It would also, Tapscott says, be a disruptive thing, changing not only people’s lives but, potentially, also industries. Banks, for example, now do much of what the blockchain can do. What would banks’ role—indeed, their future—be? Intermediaries between buyer and seller, or user and provider, are everywhere. Uber is an intermediary for car rides; Apple and Spotify are intermediaries for online music. Tapscott says that the disruptors will be disrupted. That remains to be seen. Many intermediaries are powerful indeed. But blockchain technology raises questions and possibilities that must not be ignored.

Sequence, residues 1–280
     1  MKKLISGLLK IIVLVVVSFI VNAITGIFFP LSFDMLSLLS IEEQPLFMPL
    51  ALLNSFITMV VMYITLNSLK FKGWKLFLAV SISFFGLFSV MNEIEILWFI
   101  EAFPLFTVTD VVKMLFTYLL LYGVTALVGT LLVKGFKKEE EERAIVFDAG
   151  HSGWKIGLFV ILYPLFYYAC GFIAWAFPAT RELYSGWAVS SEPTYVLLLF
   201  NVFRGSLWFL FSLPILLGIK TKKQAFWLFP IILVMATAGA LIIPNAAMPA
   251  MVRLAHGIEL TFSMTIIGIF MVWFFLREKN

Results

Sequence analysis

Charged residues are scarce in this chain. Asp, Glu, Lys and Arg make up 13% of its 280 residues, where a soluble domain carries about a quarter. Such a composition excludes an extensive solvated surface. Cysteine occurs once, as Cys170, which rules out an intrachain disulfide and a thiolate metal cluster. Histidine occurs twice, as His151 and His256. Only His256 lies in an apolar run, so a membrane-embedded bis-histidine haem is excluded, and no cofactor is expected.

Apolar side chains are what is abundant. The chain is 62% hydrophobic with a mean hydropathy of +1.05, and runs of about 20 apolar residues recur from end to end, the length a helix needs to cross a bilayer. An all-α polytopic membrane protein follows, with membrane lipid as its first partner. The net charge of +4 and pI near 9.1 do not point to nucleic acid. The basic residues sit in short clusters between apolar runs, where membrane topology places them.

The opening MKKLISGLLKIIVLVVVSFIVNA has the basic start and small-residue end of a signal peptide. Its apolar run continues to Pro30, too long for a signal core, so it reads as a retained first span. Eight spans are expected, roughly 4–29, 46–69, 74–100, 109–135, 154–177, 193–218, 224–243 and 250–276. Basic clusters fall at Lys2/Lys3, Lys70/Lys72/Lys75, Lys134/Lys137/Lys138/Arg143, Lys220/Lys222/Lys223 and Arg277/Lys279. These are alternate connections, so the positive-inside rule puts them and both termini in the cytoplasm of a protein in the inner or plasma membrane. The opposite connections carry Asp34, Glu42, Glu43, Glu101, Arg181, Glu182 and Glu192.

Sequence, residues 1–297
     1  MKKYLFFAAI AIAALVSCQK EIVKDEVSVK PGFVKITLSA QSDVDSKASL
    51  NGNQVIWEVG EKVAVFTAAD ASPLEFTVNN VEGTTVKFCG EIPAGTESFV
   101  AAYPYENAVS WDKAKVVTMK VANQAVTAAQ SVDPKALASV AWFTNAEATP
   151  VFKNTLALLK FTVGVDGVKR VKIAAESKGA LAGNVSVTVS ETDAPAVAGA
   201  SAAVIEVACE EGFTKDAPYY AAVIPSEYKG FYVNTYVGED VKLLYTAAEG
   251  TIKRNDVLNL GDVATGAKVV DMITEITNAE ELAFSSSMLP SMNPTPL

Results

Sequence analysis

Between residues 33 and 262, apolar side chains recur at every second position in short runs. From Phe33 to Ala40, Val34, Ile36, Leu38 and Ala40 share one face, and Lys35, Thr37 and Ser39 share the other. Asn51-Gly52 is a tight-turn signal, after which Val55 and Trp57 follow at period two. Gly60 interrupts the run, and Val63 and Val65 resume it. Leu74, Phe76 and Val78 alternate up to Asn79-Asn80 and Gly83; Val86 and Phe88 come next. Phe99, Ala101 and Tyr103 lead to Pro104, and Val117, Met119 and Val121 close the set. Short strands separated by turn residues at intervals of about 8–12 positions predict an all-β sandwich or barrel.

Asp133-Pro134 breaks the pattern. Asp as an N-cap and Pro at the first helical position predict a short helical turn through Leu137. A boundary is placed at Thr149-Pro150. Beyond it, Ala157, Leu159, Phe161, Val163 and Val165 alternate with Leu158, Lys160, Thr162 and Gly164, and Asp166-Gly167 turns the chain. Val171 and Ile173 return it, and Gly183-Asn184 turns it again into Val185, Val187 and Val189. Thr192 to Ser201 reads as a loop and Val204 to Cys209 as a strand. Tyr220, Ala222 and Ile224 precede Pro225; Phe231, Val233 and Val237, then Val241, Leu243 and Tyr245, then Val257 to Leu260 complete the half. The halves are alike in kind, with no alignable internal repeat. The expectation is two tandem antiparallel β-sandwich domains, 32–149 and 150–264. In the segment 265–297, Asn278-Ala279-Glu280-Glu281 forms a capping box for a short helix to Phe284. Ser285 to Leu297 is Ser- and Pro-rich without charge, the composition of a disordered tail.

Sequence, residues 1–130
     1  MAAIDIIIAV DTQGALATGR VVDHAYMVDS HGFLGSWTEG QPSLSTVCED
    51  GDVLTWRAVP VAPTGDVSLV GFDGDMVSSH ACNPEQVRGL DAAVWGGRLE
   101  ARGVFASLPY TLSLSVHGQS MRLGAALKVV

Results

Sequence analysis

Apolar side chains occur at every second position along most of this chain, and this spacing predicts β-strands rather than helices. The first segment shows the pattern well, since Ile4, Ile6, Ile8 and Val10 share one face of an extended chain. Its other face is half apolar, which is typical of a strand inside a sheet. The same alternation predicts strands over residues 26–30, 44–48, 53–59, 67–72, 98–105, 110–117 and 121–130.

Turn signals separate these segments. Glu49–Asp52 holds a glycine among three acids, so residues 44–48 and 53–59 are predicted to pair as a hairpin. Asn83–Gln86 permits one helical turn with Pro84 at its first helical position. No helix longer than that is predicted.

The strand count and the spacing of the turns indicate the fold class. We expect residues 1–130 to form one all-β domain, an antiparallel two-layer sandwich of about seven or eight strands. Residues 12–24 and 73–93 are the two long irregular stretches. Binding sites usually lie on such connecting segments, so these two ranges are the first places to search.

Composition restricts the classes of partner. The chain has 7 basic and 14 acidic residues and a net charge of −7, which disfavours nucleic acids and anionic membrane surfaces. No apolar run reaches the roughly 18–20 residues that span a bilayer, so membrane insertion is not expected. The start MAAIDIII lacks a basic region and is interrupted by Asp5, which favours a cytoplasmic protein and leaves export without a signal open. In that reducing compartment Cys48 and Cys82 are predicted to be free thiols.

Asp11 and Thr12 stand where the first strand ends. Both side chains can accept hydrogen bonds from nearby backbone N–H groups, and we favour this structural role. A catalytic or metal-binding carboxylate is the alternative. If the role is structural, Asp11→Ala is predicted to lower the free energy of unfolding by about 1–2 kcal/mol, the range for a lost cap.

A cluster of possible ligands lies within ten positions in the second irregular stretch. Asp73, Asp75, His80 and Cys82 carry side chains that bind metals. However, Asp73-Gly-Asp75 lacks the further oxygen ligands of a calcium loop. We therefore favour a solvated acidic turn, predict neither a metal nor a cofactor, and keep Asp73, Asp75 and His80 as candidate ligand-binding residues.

Many companies like to say that failure is not an option, but in many cases, it’s virtually a given. In fact, only some 20% of technology products actually meet their objectives, according to Marty Cagan, the founder of the Silicon Valley Product Group and a veteran of Hewlett-Packard, Netscape, and eBay. The cause of many failures, he says, isn’t a lack of talent. Rather it is the use of preinternet era processes, which not only go about innovation the wrong way but also actively hinder it.